Preventing spring water leaks
March 02, 2022
Ah, spring! The snow has its last hurrah and warmer days are back for good... or almost. Since spring also means rain, there’s unfortunately also a higher risk of water damage. Take a good look around your property to make sure your home stays dry during this year’s spring showers.
When temperatures rise and snow accumulation on the roof begins to melt, the risk of seepage rises as well. Take advantage of the warmer weather to check your roof and repair minor issues in order to prevent possible water damage.
- Examine the condition of the roofing materials for signs of wear and aging (missing or loose shingles, buckling, upturned corners, etc.).
- Make sure there is enough gravel to fully protect the layer of asphalt. Gravel prevents black surfaces from overheating and reflects ultraviolet rays, preventing premature damage to the membrane.
If your roof needs to be replaced, there are some shingle options that are more resistant to harsh weather changes – some high-performance shingles are resistant to winds of up to 220 km/h, others such as Class 4 shingles that can withstand hailstones of up to 2 inches in diameter.
Roof maintenance can be dangerous. If necessary, seek the help of a professional.
Gutters, downspouts and drains
During winter, the weight of the ice and snow may have weakened your gutters, and they may be blocked by various debris. This is why spring maintenance is important. Here's what to do:
- Remove leaves that have accumulated in the gutters.
- Check that the gutters are securely attached.
- Pour water into the gutters to ensure that there are no leaks and the water is escaping down the drainpipe.
- Make sure the downspouts divert water as far away from the foundation.
Doors and windows
Heavy rain can seep through any opening. That’s why you should do the following in the spring:
- Inspect the seals around doors and windows to make sure they are watertight.
- If needed, repair caulking and replace weatherstripping.
- Get rid of any debris from the window wells that could prevent water from properly draining away from them.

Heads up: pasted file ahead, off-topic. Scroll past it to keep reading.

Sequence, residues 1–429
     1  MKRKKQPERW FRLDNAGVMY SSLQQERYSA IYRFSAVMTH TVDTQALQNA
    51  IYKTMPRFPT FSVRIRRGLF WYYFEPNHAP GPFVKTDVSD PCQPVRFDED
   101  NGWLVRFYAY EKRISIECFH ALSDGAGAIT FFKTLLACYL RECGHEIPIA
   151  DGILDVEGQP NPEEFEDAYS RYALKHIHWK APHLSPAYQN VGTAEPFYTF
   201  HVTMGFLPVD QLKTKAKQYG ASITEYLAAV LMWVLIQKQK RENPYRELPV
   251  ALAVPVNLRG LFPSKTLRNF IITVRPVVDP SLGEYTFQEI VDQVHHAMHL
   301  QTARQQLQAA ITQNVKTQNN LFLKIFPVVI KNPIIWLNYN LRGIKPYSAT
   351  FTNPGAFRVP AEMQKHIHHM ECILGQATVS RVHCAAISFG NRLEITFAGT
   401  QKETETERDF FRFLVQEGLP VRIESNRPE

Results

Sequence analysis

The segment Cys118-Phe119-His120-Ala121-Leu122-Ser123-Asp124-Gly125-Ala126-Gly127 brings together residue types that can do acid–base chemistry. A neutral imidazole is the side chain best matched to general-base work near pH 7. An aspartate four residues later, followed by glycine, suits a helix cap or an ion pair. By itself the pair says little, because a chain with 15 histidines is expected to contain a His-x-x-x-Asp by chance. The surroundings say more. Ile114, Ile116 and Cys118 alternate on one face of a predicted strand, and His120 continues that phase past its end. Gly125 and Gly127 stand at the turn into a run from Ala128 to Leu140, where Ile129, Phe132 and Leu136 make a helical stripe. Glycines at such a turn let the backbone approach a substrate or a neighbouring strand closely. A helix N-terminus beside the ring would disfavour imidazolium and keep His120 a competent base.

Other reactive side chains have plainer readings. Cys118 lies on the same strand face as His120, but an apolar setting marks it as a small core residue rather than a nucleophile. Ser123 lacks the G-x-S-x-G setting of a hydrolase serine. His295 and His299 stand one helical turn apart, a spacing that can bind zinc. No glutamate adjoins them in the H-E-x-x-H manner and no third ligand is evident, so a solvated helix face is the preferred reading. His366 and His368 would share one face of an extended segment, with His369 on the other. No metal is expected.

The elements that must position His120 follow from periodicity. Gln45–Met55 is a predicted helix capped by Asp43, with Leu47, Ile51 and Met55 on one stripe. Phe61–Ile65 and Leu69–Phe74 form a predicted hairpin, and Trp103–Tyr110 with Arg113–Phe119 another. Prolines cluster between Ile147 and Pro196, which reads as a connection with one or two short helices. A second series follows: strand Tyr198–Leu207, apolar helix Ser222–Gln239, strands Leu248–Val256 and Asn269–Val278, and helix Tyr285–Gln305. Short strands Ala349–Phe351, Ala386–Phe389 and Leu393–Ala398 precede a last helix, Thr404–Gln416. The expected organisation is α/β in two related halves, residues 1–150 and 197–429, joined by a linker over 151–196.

Once the ground has thawed, it’s very important to check the foundation’s condition to identify any problems and prevent damage due to water seepage.
- Thoroughly inspect the foundation, both inside and out. Have a specialist repair any cracks immediately.
- Seek professional advice if there are signs of efflorescence (white deposits), seepage or localized humidity. This can mean a foundation drain malfunction (e.g. clogged drain).
Drain in front of the basement garage door
The accumulation of leaves or other debris can prevent the drain from working well. What should you do?
- Clear the grate of the drain in front of the door of any debris (e.g., leaves, ice, snow) in order to allow water to escape.
- Also clean the drain underneath the grate so that the drain is not obstructed.
- Move the gutter drainpipes that empty onto the slope of the garage entryway to prevent the drain from becoming overloaded.
Backwater valve to stop sewer back-up
The backwater valve is part of the plumbing system and is located in the basement. Its simple open-close flap does an important job: making sure the municipal sewage system doesn't back up into the drains. You'll need to clean it as part of your seasonal routine in order for it to work properly. Here's how:
- Remove the cover and unscrew the access plug (note: if you have a cast iron valve with a bolted cover, it's best to have a plumber do it).
- Make sure the flap opens and closes freely. Remove any debris and check the condition of the gasket.
- Replace the flap and make sure there's nothing preventing it from opening and closing.
- Screw the access plug back on tightly and replace the cover.
Your property insurance
These precautions will help you welcome spring and avoid unpleasant surprises. But, for peace of mind, it’s best to be properly insured as well. Find out about the insurance coverage available from Desjardins Insurance.
These tips are provided for information and prevention purposes only. They are general in nature, and Desjardins Insurance cannot be held liable for them. We recommend using caution and consulting an expert for comprehensive, tailored advice.
Desjardins Insurance refers to Certas Home and Auto Insurance Company, underwriter of automobile and property insurance or Desjardins Financial Security Life Assurance Company, underwriter of life insurance and living benefits products.